I Will Be

A journey through the grief of miscarriage

I had the makings of a child in my womb for eight weeks and five days.

On the Friday before Thanksgiving, the pain and bleeding started, and I knew. I didn’t want to know, but there it was. It was the beginning of the end of a pregnancy I had longed for and rejoiced in. It was over before we even got to speak of it, and there was absolutely nothing I could do. Continue reading “I Will Be”

The purpose of suffering

Column 17 Published in the December 22/29 double issue of the Warroad Pioneer

The snow has finally arrived, covering up the bleak browns and grays of our mild, shortened winter and also masking some precariously thin ice. We’ll have a picture-perfect white Christmas, but now we need a whole lot of sub-zero temperatures to counter the insulation the snow offers.

It’s definitely a winter to stay on the marked trails, which, of course, is always a good idea on this unpredictable lake. This year, let’s all go a bit further to remind and enforce responsible winter fun. Tragedy is a reality none of us want to deal with.

The Angle’s snowmobile club, the Edge Riders, plan to compile and submit trail reports to the papers and radio stations this year, an overdue first. I’ll likely be doing the writing so I hereby commit to staying on topic. Or maybe I’ll include just a little on wildlife sightings or pretty vistas or … ok, ok, just the facts, ma’am.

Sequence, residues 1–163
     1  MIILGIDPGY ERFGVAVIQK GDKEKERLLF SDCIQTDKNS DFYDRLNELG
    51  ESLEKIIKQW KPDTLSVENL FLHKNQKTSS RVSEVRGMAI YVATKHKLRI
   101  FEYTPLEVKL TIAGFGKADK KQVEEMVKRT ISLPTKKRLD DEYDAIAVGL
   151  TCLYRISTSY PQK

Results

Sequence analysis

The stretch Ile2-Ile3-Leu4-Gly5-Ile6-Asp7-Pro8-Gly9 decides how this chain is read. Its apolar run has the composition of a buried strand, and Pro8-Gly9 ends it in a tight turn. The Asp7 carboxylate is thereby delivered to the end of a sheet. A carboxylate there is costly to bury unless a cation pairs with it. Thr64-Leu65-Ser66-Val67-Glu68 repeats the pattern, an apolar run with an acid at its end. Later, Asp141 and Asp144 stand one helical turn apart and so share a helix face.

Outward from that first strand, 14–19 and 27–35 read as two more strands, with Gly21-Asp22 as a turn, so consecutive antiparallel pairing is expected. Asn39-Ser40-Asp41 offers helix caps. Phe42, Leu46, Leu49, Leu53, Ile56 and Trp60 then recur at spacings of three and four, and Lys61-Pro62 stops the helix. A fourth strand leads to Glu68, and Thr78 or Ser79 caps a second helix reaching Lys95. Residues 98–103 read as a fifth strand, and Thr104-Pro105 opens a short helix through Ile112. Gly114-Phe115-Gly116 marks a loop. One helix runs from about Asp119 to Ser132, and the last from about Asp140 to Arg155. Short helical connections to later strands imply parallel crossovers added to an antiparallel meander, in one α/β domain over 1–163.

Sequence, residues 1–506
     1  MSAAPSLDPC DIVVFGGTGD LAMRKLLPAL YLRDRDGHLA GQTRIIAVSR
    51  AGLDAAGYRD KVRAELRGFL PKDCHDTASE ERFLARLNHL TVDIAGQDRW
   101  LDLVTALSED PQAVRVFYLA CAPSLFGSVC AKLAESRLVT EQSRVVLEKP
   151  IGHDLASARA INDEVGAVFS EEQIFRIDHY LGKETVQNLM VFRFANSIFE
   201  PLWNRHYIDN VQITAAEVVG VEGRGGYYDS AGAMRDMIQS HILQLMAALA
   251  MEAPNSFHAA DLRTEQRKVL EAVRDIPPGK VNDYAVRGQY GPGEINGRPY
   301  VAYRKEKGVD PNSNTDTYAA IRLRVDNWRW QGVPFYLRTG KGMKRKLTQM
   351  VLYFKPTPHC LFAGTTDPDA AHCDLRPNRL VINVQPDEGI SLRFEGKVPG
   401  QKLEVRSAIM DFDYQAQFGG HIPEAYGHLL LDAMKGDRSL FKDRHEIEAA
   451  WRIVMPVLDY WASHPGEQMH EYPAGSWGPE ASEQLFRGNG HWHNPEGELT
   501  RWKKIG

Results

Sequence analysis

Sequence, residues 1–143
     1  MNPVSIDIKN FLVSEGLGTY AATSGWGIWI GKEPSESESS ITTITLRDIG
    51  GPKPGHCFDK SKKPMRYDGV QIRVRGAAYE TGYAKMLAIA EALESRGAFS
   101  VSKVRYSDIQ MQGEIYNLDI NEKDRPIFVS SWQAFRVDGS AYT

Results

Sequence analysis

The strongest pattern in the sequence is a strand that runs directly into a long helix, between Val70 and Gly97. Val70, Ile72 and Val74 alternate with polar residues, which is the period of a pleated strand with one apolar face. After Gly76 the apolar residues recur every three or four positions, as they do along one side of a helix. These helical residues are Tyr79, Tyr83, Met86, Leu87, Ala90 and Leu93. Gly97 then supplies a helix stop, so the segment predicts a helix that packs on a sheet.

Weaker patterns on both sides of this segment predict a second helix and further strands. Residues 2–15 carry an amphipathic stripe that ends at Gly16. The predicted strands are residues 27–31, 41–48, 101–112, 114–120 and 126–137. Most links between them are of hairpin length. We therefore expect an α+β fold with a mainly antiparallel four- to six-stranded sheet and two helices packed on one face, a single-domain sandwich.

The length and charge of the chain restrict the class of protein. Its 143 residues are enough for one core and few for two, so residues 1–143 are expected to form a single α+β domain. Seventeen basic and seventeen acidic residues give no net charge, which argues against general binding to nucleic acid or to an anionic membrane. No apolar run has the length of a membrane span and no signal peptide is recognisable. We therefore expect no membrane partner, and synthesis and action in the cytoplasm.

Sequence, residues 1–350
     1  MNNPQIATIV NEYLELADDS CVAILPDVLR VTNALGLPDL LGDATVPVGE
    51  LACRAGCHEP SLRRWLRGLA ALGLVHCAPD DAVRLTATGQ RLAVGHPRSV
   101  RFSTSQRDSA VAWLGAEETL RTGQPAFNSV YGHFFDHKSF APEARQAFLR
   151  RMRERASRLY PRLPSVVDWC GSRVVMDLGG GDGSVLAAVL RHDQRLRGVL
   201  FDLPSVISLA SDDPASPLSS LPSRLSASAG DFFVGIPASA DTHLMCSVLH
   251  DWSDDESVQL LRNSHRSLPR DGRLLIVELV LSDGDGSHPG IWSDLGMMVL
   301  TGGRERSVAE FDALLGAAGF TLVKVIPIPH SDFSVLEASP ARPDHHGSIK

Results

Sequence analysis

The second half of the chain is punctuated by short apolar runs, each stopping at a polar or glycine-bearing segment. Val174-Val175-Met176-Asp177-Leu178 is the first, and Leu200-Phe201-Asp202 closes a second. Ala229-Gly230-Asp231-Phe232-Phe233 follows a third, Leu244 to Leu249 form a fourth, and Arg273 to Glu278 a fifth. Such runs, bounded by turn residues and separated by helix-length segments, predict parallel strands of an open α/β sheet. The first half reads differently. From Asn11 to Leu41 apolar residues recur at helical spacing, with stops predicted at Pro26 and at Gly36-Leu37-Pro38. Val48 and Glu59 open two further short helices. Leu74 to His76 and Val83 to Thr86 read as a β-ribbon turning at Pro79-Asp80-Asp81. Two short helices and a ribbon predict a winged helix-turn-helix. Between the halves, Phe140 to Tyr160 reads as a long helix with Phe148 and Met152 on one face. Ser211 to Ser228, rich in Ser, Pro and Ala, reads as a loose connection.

We Edge Riders and Angleites mourn the passing of our “Grandma” Bonnie Vickaryous. She died here at her beloved Angle on Friday, December 11. It was sudden and so very sad.  She left behind a big family and one of the hardest working men at The Angle. Known throughout the land as a restauranteur and for her amazing cooking, Bonnie’s now going to have to watch from above as Dave eats a lot more plain hamburgers with raw onions at Jerry’s.  Treat him to another round of his usual cranberry juice and give him a tight shoulder squeeze when you see him next.

Bonnie was a pillar of support for the snowmobile club and the community at large. And as a woman who had once traveled the emotional road to hell and back, as most of us ladyfolk have or will do at some point in our lifetimes, she was strength personified. I’ve lived here only four years and can’t count the number of hugs she gifted me in that short time.

I’ve been watching the logging that Manitoba Hydro has been doing along our power line route. It runs all the way from the border cut to the fields north of Sprague. Thousands upon thousands of great white pines, Douglas fir, birch, popple are brought to the ground, laid out in grandiose piles and then run straight into a monstrous wood chipper. Seeing their mighty boughs lying in silent repose fills me with sadness time and again as I drive past. I notice the doomed trees that will be cut by the time I make my return trip and unwittingly impose my suffering-for-their-sake upon them.